Encouraging children to play outside, to run, jump, climb, dig, and share is critical for children’s development, and millennial moms are more actively involved in this process than previous generations.

“I also love buying him unique clothing from Instagram or Etsy.”

Social media and technology have allowed the millennial generation to be the most connected generation of mothers. Family and friends have a front-row seat to the adorable matching shirts and Pinterest-inspired birthday parties they might have otherwise missed. Millennial moms are creating a life for themselves that doesn’t just feel good, but looks good too. Baby, toddler, and child fashion are very “in” right now — just check out the #babyOOTD and #toddlerfashion hashtags on Instagram.

Speaking of baby and kid fashion, technology has changed how millennial moms shop too. Moms are online shopping and looking for quality products with a reasonable price tag. Kristen said, “We mostly shop on Amazon, since I dislike going into stores, and I like being able to see user reviews and feedback.”

A common theme among the moms I spoke with was the need for comfort and quality. “I look for things that are soft, that I know Ollie will be comfortable in.” said Leslie. “I always think, ‘how cozed will Ollie be?’ That’s his word: cozed.” Molly echoed the comfort sentiment, saying, “I look for really comfortable clothes for Oliver because he’s a wild boy. I also love to buy him unique clothing from Instagram or Etsy.”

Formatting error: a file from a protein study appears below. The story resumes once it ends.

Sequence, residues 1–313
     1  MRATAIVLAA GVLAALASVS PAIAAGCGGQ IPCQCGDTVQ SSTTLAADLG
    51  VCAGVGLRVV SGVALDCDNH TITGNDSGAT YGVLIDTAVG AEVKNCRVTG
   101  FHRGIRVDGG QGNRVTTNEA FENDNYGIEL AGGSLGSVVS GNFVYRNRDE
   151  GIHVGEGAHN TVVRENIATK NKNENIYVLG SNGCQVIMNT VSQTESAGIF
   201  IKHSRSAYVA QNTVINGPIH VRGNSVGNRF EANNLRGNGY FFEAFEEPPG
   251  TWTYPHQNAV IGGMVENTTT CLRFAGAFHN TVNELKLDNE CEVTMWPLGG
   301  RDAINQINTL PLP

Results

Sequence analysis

“I’m a total affection junkie.”

Something that came up across the board for all three women I spoke with was the importance of love and affection. Molly grew up in an affectionate family and said she wants to raise Oliver with the same sense of love and affection.

Leslie said, “My family is very very close; we’re intimate and we like to be together all the time. We put a lot of emphasis on affection between the boys, hugs and kisses before school — that’s not something I grew up with.” Leslie also said, “We’re thoughtful about guarding their hearts and protecting the atmosphere they’re in. We want them to be kids!”

Kristen echoed a similar sentiment, “I’m a total affection junkie, so my favorite part of parenting is the time we spend snuggling, reading on the sofa, or walking and holding hands. I feel it’s important to make sure kids know they are loved deeply, so I try to both tell and show them how much they mean to me.”

“The new mom” — millennial moms, just like every generation before them, want their children to be healthy and happy. The new mom is affectionate, stylish, adventurous, protective, and open-minded. Just like her kids, she’s one of a kind. If you want to know what the new mom is really like, go talk to her! She’s on social media, so you know exactly where to reach her.

Looking for more insights into the millennial mom? Let us help.